Building on the success of previous years, Families' Activity Breaks (FAB) are returning in the summer of 2012 to offer bereaved military families fun and challenging activity-based holidays.
The holidays are designed for families with children up to 19 years of age who have suffered the loss of a loved one serving in the Armed Forces.
The holidays offer an adventure for all the family and a welcome break to meet and socialise with others who have experienced a similar loss. A loved one can mean a parent, a step-parent, or a child’s legal guardian, carer or sibling.
FAB is a non-public-funded, tri-Service initiative run in partnership with the Youth Hostel Association. The cost to each family is only £50 and includes full board, meals and a full range of professionally-run activities.
As in previous years the camps will take place at Youth Hostel properties in Coverack in Cornwall and Whitby in North Yorkshire.
The FAB camps kick off on 21 July 2012 for three weeks at Coverack. The whole of the hostel will be taken over by FAB and spaces are available to stay inside, or outside, if you fancy some camping.
Tents are provided and are to an excellent standard - and no need to put any of them up either! New for 2012 is the introduction of a camp week at Coverack dedicated to families with children under eight years of age, beginning on 28 July 2012. The third camp in Cornwall begins on 4 August 2012.
From 28 July 2012 the Whitby FAB camp team take over the hostel located right beside Whitby Abbey. There are no camping facilities here, but there is more than enough indoors accommodation for families wishing to sample the delights of North Yorkshire.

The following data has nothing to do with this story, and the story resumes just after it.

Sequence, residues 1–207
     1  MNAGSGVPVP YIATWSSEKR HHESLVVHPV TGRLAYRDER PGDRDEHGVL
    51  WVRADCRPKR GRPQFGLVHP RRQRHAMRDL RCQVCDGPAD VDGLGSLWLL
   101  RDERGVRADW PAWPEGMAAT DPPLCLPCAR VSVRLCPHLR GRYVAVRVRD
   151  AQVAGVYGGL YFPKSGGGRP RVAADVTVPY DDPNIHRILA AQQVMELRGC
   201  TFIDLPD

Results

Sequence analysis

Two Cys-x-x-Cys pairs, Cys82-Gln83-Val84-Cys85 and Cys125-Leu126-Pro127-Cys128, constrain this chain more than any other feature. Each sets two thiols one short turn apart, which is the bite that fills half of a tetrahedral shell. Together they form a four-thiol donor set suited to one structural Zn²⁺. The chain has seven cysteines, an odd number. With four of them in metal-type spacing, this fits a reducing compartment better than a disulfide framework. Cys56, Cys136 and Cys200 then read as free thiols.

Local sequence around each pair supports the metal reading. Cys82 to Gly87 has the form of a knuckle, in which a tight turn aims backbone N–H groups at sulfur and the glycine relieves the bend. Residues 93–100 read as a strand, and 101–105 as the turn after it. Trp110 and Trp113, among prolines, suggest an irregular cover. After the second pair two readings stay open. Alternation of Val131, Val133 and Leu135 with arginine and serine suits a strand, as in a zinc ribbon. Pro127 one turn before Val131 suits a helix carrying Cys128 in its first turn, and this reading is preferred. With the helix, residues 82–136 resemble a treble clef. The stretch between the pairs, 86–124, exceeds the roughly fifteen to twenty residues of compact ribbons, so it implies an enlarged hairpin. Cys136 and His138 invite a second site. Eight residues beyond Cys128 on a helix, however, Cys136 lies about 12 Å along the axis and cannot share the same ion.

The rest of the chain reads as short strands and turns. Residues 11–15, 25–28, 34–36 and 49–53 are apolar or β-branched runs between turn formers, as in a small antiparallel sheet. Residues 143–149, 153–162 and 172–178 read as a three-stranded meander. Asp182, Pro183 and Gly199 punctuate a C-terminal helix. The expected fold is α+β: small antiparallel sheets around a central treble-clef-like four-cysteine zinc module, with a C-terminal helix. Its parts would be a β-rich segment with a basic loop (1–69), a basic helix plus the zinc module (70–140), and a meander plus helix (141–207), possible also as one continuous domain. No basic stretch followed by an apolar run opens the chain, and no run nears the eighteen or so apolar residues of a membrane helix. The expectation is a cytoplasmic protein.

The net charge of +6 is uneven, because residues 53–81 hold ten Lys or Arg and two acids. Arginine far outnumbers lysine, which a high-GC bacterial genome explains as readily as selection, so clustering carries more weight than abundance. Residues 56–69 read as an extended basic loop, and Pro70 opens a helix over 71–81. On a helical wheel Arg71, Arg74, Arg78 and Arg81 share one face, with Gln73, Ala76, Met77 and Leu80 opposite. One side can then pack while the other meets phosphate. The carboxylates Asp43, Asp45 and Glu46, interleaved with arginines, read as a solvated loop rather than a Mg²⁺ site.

Speaking at last year’s camp in Whitby, Caroline Spencer, whose husband Petty Officer Andrew Spencer was killed in a motorcycle accident while on his way to a birthday party for one of their two children, said:
It has just been so fantastic. We arrived on Saturday and the kids started playing football together straight away after dinner. Then there was canoeing the next day, with canoes tied together - so the teamwork element came out straight away.
It is things you often wouldn’t tackle on your own. It has done a lot for their confidence and for the little girls in particular who have missed the male influence, as there are a lot of male volunteers here and the little girls have clung onto them.
[Mathew and Ellen] felt so far outside normality, and when I introduced the idea of the holiday they asked ‘so there will be people in the same situation as us who have lost mums and dads?’ They were really excited by the idea.
I have found time to relax and share experiences with people. I have found out how long it takes to grieve and that you don’t have to rush things.
The whole place has been fantastic. The kids have already asked if they can come back next year.
FAB was originally conceived in early 2008 and the highly successful pilot in the summer of 2009 saw 24 families holidaying in the two locations. In 2010 the number of families increased to 50 and, in 2011, 55 families benefited from a FAB camp.